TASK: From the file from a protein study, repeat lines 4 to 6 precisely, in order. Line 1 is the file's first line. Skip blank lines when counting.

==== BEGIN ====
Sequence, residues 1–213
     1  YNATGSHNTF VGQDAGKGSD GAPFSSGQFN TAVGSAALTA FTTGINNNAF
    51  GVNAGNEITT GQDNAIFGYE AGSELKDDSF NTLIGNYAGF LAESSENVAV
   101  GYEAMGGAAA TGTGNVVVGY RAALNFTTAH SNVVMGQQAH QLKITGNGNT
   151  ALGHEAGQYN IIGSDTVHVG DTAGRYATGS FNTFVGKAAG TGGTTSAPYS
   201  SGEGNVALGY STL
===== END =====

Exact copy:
   101  GYEAMGGAAA TGTGNVVVGY RAALNFTTAH SNVVMGQQAH QLKITGNGNT
   151  ALGHEAGQYN IIGSDTVHVG DTAGRYATGS FNTFVGKAAG TGGTTSAPYS
   201  SGEGNVALGY STL